The scam run by council employees on the owners of Edinburgh tenement flats is still spiralling. (Part I, January.) A fifth council employee was sacked at the end of March and the Scotsman quoted an anonymous “inside source” a few days ago claiming that people aren’t paying their statutory notice bills because they didn’t know if they’d been scammed by them.
Gordon Murdie appeared as the Quantity Surveyor expert on a BBC programme in September last year, “Scotland’s Property Scandal”. (Quantity surveyors manage all costs relating to building and civil engineering projects, from the initial calculations to the final figures.) He also gave a presentation on statutory notices at the Minto Hotel, which is available online here. Murdie is the managing director of Quantus QS, a quantity surveying firm in Edinburgh. He is standing for election in Southside/Newington as an Independent, specifically on the statutory notice scandal.
The very cynical side of me says about Gordon Murdie standing is that it’s a good advert for his firm – and wonders if he’s realised that if he wins, the firm of which he is managing director will have to stop doing council business. Gordon Murdie can’t sit on Edinburgh Council and have a firm which is so closely connected with him involved with council actions. Whether lawful or not, it would not fit with the platform he’s standing on.
In February, Gordon Murdie called on the Scottish Government to
initiate a full public enquiry into the statutory notice scandal, which left hundreds of city property owners concerned that they may have overpaid for repairs to their homes.
Gordon Murdie writes in the Scotsman (last Saturday)
The council is in an unholy mess of its own making, and thousands of affected owners have suffered immeasurable emotional and financial stress – and their only mistake was to trust the council.
In a private meeting last December, I was assured the council’s position was one of “transparency” and they had no option other than to hold up their hands, apologise and work openly with all involved to sort the mess out. New computers were apparently on order and a “complaints team” was being formed.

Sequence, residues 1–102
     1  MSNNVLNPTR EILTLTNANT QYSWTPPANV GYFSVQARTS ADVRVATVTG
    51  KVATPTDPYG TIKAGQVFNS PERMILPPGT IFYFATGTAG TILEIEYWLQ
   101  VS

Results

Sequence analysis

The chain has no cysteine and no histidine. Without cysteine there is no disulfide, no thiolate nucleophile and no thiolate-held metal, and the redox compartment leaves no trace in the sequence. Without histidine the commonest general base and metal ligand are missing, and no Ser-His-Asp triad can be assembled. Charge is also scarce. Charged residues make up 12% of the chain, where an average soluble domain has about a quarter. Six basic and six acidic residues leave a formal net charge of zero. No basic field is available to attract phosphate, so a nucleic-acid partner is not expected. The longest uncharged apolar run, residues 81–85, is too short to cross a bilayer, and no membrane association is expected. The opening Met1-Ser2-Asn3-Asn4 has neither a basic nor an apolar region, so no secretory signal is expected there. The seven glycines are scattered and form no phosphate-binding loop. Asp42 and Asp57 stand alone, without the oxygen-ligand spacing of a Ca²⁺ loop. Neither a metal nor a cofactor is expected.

The enormity of the task is clear, but its implementation is very disappointing. It has become an investigation by the council into the council for the council – and not one single project has been “resolved”.
“Transparent” has moved through translucent, then opaque, to totally obscure.
Whether Gordon Murdie really stands a chance as an Independent in Newington/Southside pretty much depends on him. The results in 2007 were thoroughly mixed – the Labour councillor got in at round 7 and the Conservative, LibDem, and Scottish Greens all three got in at Round 9 of the count. He’s got a Faceboook page and a newsletter and he’s on Twitter as @GordonMurdie – but what would win it for him if anything does is being able to make his case in person.
I will say that after the trams and the tenements and the traffic jams and the privatisation plans which the council spent four million on, it would be worthwhile having someone on the council who had some experience in looking at a project’s costs and implications and saying “No, that’s not going to work.” Whether Gordon Murdie can do that, I have no idea and this is not my ward: I don’t know if I would vote for him if I could: if it was my ward, I’d want to ask him where he stands on issues that matter to me – in the privatisation fight, every councillor mattered.
No one party expects to gain control of Edinburgh Council after 3rd May. There will be need for cross-party cooperation whoever wins. But I think Gordon Murdie has the possibility of being an interesting candidate, and if I lived in the Newington/Southside ward, I’d definitely want to find out.
(If you don’t know if you’re registered to vote, check on AboutMyVote by 18th April.)